keep them coming girl.


  34. Beautiful images!  I love discussions on the eye, it always starts with planaria, and the eyespot.   

  35. Rajini Rao says:


    BiologyCorner , actually I don’t know much about the eyespot. Sounds intriguing. I’ll look it up, feel free to share a link or info. 


  36. The eyspot of the planarian isn’t thought to be able to form images, just detect light and dark. Our experiments on planarian include tests to determine if it is photosensitive.  The final step of the project is to slice the planarian in half, right between those eyespots.  If performed properly, the planarian will grow two heads and then split completely into two.  The planarian also has this weird cross-eyed appearance that gives it a certain character.


    http://www.science20.com/adaptive_complexity/how_to_grow_a_new_head_the_amazing_regenerative_powers_of_planaria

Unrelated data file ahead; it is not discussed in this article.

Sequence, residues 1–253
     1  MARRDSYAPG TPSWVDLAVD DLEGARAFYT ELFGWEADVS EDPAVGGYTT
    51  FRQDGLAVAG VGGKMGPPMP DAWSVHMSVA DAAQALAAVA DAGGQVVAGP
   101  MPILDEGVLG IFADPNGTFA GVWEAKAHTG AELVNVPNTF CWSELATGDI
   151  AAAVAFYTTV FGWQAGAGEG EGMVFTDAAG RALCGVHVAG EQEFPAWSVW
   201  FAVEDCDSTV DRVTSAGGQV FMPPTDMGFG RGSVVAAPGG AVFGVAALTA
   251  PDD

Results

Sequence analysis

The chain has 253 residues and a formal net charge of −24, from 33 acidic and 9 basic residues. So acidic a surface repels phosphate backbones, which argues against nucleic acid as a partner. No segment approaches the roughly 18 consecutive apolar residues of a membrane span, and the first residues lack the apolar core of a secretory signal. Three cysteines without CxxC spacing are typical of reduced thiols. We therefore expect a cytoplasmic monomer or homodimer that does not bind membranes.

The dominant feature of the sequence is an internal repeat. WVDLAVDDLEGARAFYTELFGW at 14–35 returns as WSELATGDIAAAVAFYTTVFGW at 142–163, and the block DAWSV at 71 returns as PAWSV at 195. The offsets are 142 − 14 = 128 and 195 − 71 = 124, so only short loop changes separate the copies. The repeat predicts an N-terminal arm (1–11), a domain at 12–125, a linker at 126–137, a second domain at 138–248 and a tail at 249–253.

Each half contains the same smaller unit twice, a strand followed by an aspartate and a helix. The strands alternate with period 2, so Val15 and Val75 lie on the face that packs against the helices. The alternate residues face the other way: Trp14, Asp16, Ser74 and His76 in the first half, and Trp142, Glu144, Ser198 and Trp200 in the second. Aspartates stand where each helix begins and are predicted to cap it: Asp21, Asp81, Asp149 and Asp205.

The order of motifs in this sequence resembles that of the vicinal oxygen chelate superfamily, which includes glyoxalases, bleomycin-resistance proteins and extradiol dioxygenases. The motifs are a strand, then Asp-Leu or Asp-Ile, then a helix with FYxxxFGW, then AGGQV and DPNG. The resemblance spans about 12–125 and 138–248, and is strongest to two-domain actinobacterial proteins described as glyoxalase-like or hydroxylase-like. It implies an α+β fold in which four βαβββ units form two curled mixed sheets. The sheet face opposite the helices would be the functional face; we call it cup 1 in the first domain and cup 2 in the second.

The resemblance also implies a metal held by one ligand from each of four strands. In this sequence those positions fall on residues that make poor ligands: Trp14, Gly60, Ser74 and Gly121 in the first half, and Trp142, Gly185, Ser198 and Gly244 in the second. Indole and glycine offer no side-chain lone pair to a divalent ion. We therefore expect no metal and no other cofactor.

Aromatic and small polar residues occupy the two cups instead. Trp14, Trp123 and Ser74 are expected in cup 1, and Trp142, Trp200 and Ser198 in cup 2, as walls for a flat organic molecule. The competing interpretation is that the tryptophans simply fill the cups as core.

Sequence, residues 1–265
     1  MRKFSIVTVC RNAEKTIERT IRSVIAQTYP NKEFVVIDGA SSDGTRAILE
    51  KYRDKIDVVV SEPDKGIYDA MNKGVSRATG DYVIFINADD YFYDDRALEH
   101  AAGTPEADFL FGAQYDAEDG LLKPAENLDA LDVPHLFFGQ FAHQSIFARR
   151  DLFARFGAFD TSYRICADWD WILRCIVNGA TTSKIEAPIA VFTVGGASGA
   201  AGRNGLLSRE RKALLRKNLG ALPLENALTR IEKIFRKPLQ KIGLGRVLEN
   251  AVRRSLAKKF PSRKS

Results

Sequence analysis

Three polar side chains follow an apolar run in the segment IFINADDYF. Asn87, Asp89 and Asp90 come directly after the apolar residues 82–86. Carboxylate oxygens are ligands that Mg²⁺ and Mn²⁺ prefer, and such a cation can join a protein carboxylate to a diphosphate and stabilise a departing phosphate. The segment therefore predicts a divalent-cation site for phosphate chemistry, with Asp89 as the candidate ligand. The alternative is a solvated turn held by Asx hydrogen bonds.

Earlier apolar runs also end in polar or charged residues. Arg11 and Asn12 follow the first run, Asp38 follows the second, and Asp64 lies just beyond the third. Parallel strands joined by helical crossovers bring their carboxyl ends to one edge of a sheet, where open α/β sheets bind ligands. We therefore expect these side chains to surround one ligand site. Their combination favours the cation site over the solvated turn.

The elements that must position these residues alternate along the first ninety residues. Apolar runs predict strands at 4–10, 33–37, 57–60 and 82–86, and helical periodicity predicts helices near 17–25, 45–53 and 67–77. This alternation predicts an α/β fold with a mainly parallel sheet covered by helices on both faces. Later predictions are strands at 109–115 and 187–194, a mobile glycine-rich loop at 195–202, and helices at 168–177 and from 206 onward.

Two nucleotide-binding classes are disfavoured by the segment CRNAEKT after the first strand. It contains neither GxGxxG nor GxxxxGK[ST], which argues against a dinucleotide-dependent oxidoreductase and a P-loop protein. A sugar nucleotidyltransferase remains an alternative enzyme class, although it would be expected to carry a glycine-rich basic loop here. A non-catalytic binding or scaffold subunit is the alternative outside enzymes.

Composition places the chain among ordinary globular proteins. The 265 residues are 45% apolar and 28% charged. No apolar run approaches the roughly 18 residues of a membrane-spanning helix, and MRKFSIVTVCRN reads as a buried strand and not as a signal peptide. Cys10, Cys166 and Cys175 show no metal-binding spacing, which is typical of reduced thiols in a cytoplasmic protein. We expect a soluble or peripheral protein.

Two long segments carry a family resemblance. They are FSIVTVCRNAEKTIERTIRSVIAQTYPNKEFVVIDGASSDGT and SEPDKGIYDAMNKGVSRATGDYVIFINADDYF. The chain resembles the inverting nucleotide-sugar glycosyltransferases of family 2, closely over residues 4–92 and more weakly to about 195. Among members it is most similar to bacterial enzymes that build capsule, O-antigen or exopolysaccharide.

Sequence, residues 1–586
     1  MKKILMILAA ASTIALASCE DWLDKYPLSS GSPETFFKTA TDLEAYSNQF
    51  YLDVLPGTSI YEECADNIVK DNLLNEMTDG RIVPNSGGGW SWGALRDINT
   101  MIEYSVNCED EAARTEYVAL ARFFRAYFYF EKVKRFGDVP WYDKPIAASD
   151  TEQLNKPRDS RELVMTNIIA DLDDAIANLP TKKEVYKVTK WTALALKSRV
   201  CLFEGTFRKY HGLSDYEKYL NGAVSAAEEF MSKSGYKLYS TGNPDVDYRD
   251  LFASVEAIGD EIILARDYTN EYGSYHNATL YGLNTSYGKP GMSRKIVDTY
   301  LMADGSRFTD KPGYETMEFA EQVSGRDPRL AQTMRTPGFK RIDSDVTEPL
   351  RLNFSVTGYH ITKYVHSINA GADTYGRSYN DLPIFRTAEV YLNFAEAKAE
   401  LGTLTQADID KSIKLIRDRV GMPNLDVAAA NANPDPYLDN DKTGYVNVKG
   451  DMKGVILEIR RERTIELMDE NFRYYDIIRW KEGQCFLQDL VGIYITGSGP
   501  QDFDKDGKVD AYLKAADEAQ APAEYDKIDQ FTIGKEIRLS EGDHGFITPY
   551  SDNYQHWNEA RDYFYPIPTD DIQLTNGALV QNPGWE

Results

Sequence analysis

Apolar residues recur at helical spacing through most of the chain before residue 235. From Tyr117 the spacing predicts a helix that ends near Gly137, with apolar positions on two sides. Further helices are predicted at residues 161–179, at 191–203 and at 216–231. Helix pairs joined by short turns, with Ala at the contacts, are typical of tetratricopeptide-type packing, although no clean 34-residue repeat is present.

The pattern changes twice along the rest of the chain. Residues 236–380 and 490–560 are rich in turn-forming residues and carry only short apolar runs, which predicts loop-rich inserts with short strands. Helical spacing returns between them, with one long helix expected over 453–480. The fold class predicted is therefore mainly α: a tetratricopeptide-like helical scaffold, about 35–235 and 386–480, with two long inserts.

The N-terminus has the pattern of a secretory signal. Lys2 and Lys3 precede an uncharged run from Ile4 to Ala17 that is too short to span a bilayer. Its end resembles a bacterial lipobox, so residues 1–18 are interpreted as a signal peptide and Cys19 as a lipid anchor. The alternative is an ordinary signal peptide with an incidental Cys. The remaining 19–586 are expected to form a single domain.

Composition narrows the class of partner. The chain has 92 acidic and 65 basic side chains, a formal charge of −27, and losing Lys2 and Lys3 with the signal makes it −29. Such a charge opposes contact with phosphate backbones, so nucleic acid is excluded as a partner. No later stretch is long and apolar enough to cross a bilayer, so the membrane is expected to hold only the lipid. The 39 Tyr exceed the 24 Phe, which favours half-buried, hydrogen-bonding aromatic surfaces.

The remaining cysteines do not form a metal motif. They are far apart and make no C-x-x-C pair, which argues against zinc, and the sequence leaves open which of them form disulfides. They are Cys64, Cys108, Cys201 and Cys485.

37. Rajini Rao says:


    Thanks for the explanation, BiologyCorner . Photoreception appears to be the most ancient of sensory functions in metazoans. By comparison, Hydra have light sensitive cells in their cnidocytes, but they are not organized into an eyespot (http://goo.gl/myGfI). Oh, I loved the “cross eyed” planaria in the link 🙂


  38. Hi, Rajni,


    wishing you Happy women’s Day.

  39. Rajini Rao says:


    How nice, thanks so much harshad yagnik !


  40. Rajini Rao Mam please allow me to share your wonderful photo collection

  41. Susan LaDuke says:


    Thanks for this post. Reminded me of many years ago, (won’t say how many) during my Opthamology rotation, I was grossed out for any of the surgical procedures because the eye was always staring back. Even Cataract surgery was problematic for me, but photos are OK.